Spectranet: Tutorial 1

From Spectrum hardware wiki
Jump to: navigation, search

Tutorial 1: A High Level View

The Spectranet is more than just an ethernet MAC/PHY that plugs into the back of a Spectrum - it also contains support hardware to interact properly with the machine, and also a software library to allow the programmer to write network programs pretty much in the same way as with any other computer. This sequence of tutorials is to get a programmer started writing networked programs. The knowledge is portable to other systems, too - so you're not just learning about having fun with the Spectrum, the information here will come in useful for most other situations where you might want to write network code!

The Spectranet comprises of the following 'layers':

  • Physical: The W5100 chip, which contains a PHY (physical layer) interface, the MAC (media access control) and an IP offload engine. In turn, this is interfaced to...
  • The CPLD: A modern day ULA. This intercepts calls that are for the Spectranet and controls the paging of the memory (flash ROM, static RAM and W5100 network buffers), which in turn is controlled by...
  • The socket library and associated code. The socket library, and a number of other useful functions, lives in the Spectranet's flash ROM.

The Spectranet exposes its library as a set of indirect calls (don't worry about this too much yet). The indirect call interface, which is defined in spectranet.inc (a file assembly language programmers will need), provides the public interface. (The indirect call table is actually stored in RAM, so the programmer can override it and extend it, without having to modify programs that use it). The C socket library is a lightweight wrapper around these calls, to translate the C calling convention (passing parameters on the stack) into the relevant registers. When using assembly language, you call the routines directly via the table. This will become clear in the following tutorials.


The Spectranet's socket library supports sockets for two IP protocols at present - TCP and UDP. These are by far the most commonly used - virtually every networked program that a user directly interacts with ultimately uses either TCP or UDP. A brief description:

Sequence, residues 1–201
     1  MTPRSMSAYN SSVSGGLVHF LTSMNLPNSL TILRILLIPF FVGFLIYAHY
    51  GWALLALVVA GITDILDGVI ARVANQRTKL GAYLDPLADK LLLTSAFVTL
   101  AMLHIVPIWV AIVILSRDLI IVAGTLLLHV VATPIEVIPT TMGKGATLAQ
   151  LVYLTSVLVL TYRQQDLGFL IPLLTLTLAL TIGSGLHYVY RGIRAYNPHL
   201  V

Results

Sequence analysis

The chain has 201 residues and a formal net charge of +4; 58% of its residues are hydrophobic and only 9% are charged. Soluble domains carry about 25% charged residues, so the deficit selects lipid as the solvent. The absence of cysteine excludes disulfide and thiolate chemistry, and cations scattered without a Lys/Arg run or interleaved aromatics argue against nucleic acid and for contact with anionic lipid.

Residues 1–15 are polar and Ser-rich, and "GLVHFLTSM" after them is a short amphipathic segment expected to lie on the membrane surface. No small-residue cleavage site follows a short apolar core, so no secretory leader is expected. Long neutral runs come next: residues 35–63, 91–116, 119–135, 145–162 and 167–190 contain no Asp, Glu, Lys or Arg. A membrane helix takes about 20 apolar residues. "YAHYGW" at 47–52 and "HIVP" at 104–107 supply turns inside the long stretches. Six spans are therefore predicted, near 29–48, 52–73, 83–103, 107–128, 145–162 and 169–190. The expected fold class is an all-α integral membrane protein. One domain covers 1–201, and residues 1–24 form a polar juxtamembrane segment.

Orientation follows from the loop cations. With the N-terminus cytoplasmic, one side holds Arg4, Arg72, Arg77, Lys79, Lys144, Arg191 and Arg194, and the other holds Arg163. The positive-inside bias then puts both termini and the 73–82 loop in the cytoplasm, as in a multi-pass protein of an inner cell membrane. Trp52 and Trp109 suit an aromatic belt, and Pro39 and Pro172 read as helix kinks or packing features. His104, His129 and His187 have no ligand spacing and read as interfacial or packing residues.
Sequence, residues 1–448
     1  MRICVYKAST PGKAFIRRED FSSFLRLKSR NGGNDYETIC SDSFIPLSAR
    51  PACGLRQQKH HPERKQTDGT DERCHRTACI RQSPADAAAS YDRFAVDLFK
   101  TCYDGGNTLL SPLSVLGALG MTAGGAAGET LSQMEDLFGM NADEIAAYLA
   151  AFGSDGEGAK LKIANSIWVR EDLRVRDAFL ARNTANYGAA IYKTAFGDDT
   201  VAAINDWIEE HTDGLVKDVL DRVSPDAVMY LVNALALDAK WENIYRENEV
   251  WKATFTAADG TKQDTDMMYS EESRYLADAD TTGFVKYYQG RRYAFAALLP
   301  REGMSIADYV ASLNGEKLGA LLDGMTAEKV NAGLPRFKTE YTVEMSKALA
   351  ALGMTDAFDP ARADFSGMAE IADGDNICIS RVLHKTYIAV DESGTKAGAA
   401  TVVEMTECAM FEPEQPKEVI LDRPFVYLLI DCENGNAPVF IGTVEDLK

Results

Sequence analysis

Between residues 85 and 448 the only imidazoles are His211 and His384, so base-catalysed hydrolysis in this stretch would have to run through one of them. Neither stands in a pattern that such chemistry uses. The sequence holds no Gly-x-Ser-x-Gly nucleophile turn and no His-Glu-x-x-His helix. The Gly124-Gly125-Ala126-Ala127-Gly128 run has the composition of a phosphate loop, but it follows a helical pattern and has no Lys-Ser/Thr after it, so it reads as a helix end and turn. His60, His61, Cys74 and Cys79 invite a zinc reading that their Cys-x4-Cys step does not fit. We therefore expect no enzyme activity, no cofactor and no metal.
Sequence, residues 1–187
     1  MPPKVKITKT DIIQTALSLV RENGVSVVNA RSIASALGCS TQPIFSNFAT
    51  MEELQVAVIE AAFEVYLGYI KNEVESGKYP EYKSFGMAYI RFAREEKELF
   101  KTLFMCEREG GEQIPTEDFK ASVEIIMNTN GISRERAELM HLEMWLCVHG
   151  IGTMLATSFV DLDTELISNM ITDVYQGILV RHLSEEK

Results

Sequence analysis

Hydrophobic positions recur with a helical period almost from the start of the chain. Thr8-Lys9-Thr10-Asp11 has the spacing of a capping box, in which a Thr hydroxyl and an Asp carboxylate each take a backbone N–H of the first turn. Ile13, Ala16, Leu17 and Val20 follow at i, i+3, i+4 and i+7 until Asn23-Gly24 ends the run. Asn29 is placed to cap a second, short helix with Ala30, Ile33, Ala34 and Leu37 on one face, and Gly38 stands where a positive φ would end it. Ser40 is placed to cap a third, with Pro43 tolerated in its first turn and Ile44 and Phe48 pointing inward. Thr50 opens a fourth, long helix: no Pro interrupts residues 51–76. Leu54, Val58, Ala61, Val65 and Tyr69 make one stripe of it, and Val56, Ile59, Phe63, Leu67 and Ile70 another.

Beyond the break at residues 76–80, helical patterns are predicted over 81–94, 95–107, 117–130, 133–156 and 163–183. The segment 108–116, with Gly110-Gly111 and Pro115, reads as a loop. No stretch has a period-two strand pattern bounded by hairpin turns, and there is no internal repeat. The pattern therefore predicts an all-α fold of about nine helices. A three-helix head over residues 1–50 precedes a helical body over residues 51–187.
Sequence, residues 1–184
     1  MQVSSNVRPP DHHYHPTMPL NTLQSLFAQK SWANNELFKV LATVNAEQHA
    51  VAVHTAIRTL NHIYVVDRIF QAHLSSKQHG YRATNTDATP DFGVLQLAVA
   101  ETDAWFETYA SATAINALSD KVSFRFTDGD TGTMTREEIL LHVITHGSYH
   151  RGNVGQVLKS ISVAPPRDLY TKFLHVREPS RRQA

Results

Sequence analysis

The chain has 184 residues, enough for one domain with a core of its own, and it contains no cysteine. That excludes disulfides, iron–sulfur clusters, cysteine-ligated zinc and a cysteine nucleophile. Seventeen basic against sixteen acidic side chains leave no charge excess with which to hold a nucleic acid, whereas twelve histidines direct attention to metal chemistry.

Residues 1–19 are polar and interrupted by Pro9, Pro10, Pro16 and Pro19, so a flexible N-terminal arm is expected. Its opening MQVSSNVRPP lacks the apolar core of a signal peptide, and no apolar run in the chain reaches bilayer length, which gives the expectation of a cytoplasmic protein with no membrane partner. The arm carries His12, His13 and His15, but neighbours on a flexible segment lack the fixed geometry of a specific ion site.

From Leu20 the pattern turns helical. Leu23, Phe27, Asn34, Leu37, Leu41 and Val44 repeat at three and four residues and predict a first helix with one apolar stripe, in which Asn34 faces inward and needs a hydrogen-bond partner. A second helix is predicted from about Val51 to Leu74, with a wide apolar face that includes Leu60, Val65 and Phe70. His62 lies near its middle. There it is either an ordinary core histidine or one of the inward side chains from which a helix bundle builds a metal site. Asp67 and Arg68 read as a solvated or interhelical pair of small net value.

• TCP - or the Transmission Control Protocol, is used where a reliable stream is needed. Think of TCP as if it were a short serial lead to another computer - anything you put down the wire will arrive in the same order it's sent, and it will arrive (unless someone pulls the plug). Some examples of programs that use TCP: a web browser, an IRC client, an ftp program, some network filesystems, and ssh (secure shell). It's a complex protocol designed to cope with network congestion, packets arriving out of order, duplicate packets, dropped packets etc. in such a way the programmer doesn't need to worry about these things. You could describe TCP as being "chuntey free".
  • UDP - or the User Datagram Protocol. With UDP, you do not have a stream, what you have is a socket where you can send datagrams - short messages. They aren't guaranteed to arrive, and a sequence of datagrams is not guaranteed to arrive at the remote host in the same order that they are sent. Examples of programs that use UDP are DNS resolvers, voice over IP programs, multi user games, some network filesystems, and DHCP clients. The stateless nature of UDP allows the programmer to decide the way of dealing with network issues that is best for the application.

When you write a networked program, you have to decide (if you're writing the whole thing from scratch - existing protocols will already determine whether you're going to use TCP or UDP!) which of these you're going to use. Generally, if you're going to write a networked game, or anything where a delayed or misordered message may as well be discarded, you'll use UDP. Anything where you don't want to necessarily keep connection state, you'll want to use UDP. However, if you need to send or receive data that resembles a stream that must be kept in order, then you'll want to use TCP. You may have noticed 'some network filesystems' was mentioned both under 'TCP' and 'UDP'. Some network filesystems have their own method of dealing with dropped and misordered packets that are optimized for the filesystem in question and use UDP. Others just leave it up to the underlying protocol - and use TCP.

There's also the issue of resources: with the Spectranet hardware, you can communicate with a maximum of four remote hosts using TCP, but with UDP, you can communicate with as many hosts as you have resources to keep track of them all.

If you want to really get to grips with the differences between TCP and UDP, here are two links that will get you started, on Wikipedia:

  • TCP - Everything you wanted to know about TCP, and were afraid to ask. The first section, 'Reason for TCP' is a succinct explanation of why you would want to use it.
  • UDP - A detailed article on the user datagram protocol, including the differences compared to TCP.

Next: Spectranet: Tutorial 2 - A simple TCP based server.